wages and give them extra training, has been cutting the number of hours some of
them work in a bid to keep costs in check. Regional executives told store
managers at the retailer's annual holiday planning meeting this month to rein in
expenses by cutting worker hours they've added beyond those allocated to them
based on sales projections. The request has resulted in
some stores trimming hours from their schedules, asking employees to leave
shifts early or telling them to take longer lunches,
according to more than three dozen employees from around the U.S. Chief
Executive Officer Doug McMillon is trying to balance a desire to improve service
- partly through increased spending on his workforce - against investors'
pressure to keep profit growing. Labor costs, which rose after Wal-Mart
increased its minimum wage to $9 an hour in April, have weighed on earnings,
which missed analysts' expectations last quarter.
Supply Chain Security Begins At The Loading Dock
Across America, companies are upgrading their facilities to comply with new
governmental regulations designed to enhance supply chain integrity. In some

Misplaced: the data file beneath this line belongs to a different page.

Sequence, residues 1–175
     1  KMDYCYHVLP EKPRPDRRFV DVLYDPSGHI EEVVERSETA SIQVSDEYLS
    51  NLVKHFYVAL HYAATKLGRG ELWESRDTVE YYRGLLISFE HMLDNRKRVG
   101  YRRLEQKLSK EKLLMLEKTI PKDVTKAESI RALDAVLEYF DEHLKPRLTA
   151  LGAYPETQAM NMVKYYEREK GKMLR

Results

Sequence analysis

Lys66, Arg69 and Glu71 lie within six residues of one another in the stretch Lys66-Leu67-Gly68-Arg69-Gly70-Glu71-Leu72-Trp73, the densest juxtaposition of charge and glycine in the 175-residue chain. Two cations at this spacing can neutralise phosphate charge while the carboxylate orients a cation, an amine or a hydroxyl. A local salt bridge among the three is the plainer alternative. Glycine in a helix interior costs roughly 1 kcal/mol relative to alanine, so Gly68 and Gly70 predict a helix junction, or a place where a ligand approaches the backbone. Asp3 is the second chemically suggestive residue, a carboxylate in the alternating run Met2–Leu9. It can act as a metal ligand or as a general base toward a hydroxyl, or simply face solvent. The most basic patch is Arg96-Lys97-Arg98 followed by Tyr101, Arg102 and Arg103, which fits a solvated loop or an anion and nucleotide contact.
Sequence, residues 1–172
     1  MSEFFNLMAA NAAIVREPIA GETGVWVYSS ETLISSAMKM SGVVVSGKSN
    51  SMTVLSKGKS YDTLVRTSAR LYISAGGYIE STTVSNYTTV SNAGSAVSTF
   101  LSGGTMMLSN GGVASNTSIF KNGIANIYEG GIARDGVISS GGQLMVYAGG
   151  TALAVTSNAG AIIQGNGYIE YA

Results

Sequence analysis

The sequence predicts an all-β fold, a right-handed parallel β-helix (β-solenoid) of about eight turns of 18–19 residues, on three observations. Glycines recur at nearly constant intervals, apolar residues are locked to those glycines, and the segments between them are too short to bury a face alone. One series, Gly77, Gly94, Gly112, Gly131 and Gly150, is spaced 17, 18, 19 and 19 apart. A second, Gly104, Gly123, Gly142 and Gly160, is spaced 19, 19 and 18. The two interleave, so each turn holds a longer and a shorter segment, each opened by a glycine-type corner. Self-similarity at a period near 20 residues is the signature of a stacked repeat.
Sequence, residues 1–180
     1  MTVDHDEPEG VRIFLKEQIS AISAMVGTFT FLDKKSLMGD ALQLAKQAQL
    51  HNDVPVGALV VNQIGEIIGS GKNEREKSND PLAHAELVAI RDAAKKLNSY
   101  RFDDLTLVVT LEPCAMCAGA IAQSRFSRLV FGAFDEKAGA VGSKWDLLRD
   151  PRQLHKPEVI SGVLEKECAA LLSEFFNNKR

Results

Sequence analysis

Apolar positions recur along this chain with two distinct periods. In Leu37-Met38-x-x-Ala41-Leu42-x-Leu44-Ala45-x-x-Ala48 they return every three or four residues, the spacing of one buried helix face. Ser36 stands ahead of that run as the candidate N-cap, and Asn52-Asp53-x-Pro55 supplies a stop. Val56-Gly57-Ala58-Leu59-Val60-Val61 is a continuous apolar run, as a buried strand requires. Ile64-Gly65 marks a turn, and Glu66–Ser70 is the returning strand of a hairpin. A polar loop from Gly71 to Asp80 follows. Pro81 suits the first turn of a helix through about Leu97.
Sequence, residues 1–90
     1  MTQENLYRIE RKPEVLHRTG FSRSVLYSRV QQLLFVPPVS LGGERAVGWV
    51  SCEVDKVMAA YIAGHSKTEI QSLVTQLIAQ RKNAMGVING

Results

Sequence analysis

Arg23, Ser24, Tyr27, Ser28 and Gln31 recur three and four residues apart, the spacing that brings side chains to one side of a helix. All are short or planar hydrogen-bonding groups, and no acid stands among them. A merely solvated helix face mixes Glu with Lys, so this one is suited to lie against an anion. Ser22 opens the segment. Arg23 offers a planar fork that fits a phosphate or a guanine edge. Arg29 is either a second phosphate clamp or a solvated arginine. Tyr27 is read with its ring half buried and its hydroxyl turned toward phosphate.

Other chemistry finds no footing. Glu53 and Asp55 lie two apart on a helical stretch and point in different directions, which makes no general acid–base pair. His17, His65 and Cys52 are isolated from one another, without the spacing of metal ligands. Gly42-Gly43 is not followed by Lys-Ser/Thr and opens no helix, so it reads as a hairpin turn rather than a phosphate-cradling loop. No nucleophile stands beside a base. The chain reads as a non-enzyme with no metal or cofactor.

cases, companies are even going a step further and taking measures to comply
with anticipated future regulations. In addition to improving safety, these
proactive measures are also helping companies protect themselves from financial
losses due to cargo theft, product damage or major product recalls. While there
are many links in any supply chain, loading docks always play a pivotal role -
from processing and manufacturing all the way through to distribution. By
comprehensively addressing the many challenges to dock operations - and taking
advantage of state-of-the-art solutions to them - facilities managers can go a
long way towards ensuring the safe and timely delivery of products moving
through their system. Cargo theft is one of the largest and fastest-growing of
these challenges. According to the FBI, there is an estimated $30 billion in
cargo stolen each year in the U.S. with the most highly sought-after shipments
being pharmaceuticals, consumer electronics, apparel, and food.
Unsecured trailers at busy loading docks are a prime target for cargo thieves,
as well as dropped trailers and those left unattended by drivers.
Retailers Increasing Security Measures by Swiping ID Cards
Many businesses are moving towards keeping track of people's buying and return
habits with a simple swipe of a license ID. Columbus, GA Better Business Bureau
President and CEO Leonard Crain said if a store picks up on abusive return
behavior, that store could then deny a request to return an item. According to
'The Retail Equation,' a company that logs returns for retailers using a
person's ID says: "The report lists return activity information such as the
stores you've returned an item to, what the item is, the date and time, dollar